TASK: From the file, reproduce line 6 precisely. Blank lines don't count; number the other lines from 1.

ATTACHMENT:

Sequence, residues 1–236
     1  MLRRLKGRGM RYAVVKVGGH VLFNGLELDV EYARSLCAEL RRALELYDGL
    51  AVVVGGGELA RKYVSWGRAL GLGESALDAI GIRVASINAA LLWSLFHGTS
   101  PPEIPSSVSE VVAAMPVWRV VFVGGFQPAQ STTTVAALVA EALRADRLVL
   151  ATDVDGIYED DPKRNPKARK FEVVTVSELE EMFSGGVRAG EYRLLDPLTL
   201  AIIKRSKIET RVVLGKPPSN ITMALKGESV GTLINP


   201  AIIKRSKIET RVVLGKPPSN ITMALKGESV GTLINP